The Honors Convocation, a ceremony that acknowledges academic and scholarly achievements, recognized Troy University students, faculty and staff, both individually and collectively, for their collegiate successes.
The event was held in Claudia Crosby Theatre on Monday, April 17, for honorees and their families to celebrate their accomplishments.
According to an email sent by Barbara Patterson, director of student involvement and Honors Convocation permanent secretary, “Graduation and Honors Convocation are the two most important academic events of the year.”
Chancellor Jack Hawkins provided opening remarks and shared how proud he was of Troy’s students.
“We serve students, and every day I wake up I think, ‘I am more excited about Troy than the day before,’” Hawkins said. “We are most proud of our students.”
John Schmidt, a former Troy senior administrator and who the Student Success Center is named after, gave three take-aways on the quality of life to those in attendance.
“The quality of your overall happiness is directly proportional to your relationship with God; the quality of one’s own life is directly proportional to leading one’s self; the quality of life experiences will be enriched by lifelong friends and family,” Schmidt said.
Each college recognized those involved in honor societies within the departments and presented awards to students of its prospective organization such as Beta Beta Beta, Lambda Pi Eta, Pi Alpha Alpha and many more.
Individual recipients were also distinguished their accomplishments.
Margaret Gnoinska, a history professor and faculty senate president, was presented with the Ingalls Award for Excellence in Classroom Teaching.
The Algernon Sydney Sullivan Awards were presented to two graduating students, one male and one female, and one non-student chosen by a selection committee (based on nominations) comprised of both students and faculty members.
According to an email from Patterson, the criteria suggest that the award be given “only in recognition of fine spiritual qualities, practically applied to daily living, as distinct from high scholarship, athletic achievement and success in business, professional ability, political leadership or more worldly prominence in any calling. On the other hand, it is realized that the highest spiritual and humanitarian qualities may well be found in intimate and inseparable association with a successful pursuit of such followings.”
Max Herman, a senior hospitality major from Panama City Beach, Florida, and the male recipient of the Algernon Sydney Sullivan Award, said the award was a high honor for him.
“It is a really high honor and I didn’t truly know how big of a deal this award was until speaking with the Chancellor,” Herman said. “I felt very undeserving of it, and I reflect on what I have been able to accomplish at Troy and am satisfied.”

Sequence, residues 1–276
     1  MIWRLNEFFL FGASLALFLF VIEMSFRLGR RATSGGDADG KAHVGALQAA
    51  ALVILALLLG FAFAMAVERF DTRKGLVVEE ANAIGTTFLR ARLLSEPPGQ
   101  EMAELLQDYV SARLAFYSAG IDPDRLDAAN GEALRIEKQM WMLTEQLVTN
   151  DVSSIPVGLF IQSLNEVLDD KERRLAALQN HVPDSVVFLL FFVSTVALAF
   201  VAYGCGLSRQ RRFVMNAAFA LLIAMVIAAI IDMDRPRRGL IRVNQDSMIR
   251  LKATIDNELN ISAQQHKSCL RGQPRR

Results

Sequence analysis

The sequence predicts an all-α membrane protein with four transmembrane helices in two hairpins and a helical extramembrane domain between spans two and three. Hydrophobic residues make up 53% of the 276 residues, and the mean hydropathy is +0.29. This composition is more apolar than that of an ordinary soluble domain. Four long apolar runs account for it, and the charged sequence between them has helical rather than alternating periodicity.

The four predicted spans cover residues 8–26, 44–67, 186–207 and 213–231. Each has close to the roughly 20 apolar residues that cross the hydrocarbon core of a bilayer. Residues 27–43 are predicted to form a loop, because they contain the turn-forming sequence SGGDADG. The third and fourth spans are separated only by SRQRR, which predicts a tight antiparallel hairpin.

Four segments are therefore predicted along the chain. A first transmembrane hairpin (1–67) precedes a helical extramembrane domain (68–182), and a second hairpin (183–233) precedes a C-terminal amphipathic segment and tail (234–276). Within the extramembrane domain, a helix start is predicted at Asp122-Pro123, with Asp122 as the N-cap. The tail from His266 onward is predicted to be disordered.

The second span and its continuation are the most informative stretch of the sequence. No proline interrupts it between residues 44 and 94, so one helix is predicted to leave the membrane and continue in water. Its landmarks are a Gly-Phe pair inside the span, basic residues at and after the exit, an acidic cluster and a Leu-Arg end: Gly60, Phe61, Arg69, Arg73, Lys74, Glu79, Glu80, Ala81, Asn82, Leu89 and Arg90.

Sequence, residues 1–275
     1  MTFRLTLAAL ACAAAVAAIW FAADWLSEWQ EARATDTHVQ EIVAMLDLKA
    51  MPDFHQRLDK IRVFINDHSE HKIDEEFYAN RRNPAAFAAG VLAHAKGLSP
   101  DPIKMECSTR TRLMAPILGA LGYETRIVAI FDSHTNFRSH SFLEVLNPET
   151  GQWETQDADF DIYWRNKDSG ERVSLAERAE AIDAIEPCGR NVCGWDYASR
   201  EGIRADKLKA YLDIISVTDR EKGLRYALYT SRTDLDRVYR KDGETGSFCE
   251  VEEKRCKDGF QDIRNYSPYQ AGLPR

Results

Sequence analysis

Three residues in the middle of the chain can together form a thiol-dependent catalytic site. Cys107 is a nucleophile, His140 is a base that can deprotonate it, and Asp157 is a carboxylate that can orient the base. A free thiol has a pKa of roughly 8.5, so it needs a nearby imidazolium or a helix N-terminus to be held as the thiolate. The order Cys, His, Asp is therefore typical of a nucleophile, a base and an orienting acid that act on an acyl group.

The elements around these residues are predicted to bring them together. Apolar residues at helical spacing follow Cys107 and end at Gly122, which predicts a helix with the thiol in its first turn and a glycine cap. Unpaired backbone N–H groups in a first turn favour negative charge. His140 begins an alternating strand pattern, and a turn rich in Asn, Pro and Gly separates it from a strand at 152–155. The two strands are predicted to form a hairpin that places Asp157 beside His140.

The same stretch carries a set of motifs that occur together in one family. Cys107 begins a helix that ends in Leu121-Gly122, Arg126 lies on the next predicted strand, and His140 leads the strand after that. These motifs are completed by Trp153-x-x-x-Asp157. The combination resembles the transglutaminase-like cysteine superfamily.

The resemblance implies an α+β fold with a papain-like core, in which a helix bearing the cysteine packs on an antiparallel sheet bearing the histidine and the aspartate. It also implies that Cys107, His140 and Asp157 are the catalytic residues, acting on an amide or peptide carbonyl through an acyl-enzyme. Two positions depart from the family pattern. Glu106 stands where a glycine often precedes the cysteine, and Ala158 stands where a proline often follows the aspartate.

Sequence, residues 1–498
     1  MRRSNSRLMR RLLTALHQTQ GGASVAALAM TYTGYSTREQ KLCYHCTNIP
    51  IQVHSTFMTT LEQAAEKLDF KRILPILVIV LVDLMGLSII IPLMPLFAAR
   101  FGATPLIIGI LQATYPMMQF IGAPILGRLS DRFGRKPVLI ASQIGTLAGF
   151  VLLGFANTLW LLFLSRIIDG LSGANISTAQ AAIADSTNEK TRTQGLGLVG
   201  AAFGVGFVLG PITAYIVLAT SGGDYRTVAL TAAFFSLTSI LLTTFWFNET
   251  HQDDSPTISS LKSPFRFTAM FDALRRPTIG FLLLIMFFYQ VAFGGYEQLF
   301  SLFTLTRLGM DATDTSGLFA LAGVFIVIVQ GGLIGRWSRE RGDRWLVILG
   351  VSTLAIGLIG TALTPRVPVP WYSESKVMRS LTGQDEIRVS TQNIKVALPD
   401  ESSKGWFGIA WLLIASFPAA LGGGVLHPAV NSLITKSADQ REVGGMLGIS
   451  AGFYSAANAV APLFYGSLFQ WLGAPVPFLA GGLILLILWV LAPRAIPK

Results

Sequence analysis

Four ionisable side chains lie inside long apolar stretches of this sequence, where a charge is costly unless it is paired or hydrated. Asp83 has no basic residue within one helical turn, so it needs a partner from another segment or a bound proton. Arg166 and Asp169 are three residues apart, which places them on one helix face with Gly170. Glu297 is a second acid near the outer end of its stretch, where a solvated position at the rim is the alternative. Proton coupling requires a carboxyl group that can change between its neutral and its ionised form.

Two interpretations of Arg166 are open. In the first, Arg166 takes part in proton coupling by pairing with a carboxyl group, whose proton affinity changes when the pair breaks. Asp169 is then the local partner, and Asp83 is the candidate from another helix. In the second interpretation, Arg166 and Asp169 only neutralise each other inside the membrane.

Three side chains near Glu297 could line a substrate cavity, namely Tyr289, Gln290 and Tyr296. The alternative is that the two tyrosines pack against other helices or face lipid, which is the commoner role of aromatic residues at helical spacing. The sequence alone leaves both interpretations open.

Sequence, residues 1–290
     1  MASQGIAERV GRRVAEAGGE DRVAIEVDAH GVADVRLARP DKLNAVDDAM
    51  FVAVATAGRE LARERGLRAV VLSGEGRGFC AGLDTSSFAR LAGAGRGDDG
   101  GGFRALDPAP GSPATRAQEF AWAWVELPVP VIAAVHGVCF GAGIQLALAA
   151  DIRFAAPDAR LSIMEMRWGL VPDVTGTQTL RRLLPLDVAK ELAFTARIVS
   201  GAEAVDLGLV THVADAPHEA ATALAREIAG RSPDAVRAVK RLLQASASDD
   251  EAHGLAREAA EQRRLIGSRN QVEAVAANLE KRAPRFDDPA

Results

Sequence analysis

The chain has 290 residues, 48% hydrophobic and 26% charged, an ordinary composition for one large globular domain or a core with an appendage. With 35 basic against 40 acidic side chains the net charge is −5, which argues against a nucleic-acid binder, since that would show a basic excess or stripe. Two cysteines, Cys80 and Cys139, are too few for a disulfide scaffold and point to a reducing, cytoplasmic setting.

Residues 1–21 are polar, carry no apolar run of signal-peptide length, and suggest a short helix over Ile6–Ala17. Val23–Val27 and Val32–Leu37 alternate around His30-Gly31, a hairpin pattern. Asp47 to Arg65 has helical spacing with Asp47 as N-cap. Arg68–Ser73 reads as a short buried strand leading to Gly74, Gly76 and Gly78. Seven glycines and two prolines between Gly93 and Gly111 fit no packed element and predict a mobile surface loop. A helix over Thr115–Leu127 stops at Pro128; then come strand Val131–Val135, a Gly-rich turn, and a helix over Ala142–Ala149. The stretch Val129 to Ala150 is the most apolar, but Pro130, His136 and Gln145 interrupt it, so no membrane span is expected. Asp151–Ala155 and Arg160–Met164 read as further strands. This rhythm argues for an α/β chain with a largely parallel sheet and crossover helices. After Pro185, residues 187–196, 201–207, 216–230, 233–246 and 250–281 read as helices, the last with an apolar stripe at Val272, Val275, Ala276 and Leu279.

Herman said his time at Troy will be remembered because of what he has accomplished.
“When I became a believer, my life was transformed, and when I consider looking back on college, I see that it is more than being recognized, but being able to say that ‘I did something,’” Herman said.
Sarah Talbot, a senior graphic design major from Montgomery and the female recipient of the Algernon Sydney Sullivan Award, said her faith has propelled her toward making a difference at Troy University, and this award is affirmation of her impact.
“I came in (to Troy) with a huge zeal to make a difference in the Catholic community here,” Talbot said. “Often times the fruits of our labor aren’t shown to us until years down the road, if at all.
“Receiving the Algernon Sydney Sullivan award was a very humbling and exciting gift from our Father in Heaven.”
Talbot said the award is something that will stay with her for a long time.
“I will carry this with me for a long time, to remind myself that prayer and zeal can indeed change the world, even with just one university student at a time,” she said.
John Kline, director for the institute of leadership development, received the non-student Algernon Sydney Sullivan Award and said he is very thankful.
“This award means more to me than I can really express,” Kline said. “I am honored, humbled and happy.
“A great leader who means a lot to me has often said that the two most important words are ‘thank you.’ I would like to say ‘thank you’ to the faculty staff and administration, ‘thank you’ to the students who I am blessed to work with daily and especially ‘thank you’ to the Lord.”